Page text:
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ORLANDO -- While attending massage therapy school, 25-year-old Cara Lister got to listen to a Chinese herbalist in class one day.
Because Lister had severe asthma and had been in and out of the hospital several times while in school, her classmates urged her to try Chinese herbs herself.
"They wanted me to be the guinea pig," she says. "He made me a bitter-tasting tea out of Chinese herbs, and I got amazing results."
She's one of an increasing number of people in Florida, as well as nationwide, turning to ancient forms of alternative medicine for a more natural form of healing and pain relief.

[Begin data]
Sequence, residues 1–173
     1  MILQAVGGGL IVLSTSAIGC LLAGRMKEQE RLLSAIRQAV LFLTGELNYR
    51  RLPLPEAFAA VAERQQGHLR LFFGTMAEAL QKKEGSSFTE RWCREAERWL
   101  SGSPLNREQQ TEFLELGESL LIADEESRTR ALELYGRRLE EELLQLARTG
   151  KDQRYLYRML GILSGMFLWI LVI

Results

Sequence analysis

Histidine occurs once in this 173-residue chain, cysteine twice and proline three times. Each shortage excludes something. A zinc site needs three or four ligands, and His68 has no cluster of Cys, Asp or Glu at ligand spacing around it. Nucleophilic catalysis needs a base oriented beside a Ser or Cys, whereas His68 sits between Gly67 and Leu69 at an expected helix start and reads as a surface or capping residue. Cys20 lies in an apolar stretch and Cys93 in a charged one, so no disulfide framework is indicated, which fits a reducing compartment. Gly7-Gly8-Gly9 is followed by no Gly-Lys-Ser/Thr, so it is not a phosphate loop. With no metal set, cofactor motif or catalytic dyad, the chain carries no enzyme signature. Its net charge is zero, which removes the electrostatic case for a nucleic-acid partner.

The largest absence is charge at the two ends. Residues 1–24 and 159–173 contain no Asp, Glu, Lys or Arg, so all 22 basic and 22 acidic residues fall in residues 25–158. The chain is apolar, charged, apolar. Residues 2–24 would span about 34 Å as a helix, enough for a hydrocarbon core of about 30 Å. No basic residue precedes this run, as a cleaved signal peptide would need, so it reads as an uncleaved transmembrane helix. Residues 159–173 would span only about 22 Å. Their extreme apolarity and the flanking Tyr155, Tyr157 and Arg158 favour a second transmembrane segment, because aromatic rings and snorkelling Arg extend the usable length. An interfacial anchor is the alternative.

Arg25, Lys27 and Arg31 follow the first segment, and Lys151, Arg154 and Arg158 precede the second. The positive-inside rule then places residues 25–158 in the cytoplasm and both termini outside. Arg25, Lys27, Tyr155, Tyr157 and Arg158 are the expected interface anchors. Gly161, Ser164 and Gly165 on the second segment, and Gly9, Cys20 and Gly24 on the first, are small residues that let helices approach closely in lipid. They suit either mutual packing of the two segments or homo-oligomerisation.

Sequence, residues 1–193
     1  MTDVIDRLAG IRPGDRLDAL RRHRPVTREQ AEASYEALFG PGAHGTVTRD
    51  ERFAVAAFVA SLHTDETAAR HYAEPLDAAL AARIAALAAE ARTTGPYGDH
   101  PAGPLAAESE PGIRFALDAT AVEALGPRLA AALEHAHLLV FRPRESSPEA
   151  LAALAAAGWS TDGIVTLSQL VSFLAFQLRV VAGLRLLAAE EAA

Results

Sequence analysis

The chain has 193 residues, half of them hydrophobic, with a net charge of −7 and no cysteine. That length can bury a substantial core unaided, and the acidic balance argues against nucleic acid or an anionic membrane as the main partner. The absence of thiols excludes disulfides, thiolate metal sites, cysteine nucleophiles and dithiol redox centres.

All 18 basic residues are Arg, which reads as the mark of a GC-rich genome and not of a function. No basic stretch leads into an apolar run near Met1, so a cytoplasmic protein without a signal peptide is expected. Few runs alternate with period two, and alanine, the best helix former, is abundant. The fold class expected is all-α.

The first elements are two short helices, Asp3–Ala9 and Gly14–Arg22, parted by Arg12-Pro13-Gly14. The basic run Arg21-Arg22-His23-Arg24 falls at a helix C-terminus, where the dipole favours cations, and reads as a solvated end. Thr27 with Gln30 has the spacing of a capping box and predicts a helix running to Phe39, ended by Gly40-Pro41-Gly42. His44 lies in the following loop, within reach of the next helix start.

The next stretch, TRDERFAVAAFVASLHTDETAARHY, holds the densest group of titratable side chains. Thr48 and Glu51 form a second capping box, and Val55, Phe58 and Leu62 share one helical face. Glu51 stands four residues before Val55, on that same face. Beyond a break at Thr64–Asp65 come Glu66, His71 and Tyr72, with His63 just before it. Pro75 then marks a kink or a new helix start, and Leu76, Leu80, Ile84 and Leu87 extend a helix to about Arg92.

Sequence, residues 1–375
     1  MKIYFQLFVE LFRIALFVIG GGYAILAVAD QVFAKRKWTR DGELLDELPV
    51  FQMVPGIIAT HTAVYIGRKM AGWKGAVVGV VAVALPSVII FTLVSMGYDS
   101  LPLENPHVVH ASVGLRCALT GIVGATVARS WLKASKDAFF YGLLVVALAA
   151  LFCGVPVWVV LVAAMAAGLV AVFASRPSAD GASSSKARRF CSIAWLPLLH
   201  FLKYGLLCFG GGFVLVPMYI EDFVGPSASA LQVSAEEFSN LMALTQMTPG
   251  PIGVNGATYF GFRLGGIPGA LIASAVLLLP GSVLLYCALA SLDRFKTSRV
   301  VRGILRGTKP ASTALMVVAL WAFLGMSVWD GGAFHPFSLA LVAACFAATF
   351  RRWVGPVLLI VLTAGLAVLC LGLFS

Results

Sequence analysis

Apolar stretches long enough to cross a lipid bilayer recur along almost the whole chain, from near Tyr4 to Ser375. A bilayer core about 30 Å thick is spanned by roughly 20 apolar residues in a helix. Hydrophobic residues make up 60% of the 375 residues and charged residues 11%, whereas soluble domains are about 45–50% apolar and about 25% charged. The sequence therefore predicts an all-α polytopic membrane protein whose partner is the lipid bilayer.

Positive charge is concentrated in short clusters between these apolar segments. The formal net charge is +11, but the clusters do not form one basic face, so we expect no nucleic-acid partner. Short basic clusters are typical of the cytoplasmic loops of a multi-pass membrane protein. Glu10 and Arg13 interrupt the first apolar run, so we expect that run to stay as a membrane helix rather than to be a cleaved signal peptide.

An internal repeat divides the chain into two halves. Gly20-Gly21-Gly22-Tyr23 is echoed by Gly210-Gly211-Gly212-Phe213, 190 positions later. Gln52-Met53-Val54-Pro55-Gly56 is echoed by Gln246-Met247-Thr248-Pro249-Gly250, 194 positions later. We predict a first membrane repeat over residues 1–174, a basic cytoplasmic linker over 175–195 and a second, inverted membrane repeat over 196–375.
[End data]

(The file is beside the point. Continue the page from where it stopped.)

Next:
In fact, after her near-miraculous health improvement thanks to Chinese herbal medicine, Lister decided to study ancient Eastern medicine herself.
She now attends the National College of Oriental Medicine in southwest Orlando -- a place that appears to be ground zero in Florida's burgeoning interest in alternative therapies.
Despite the fact that such foreign and hard-to-understand treatments are regarded by many …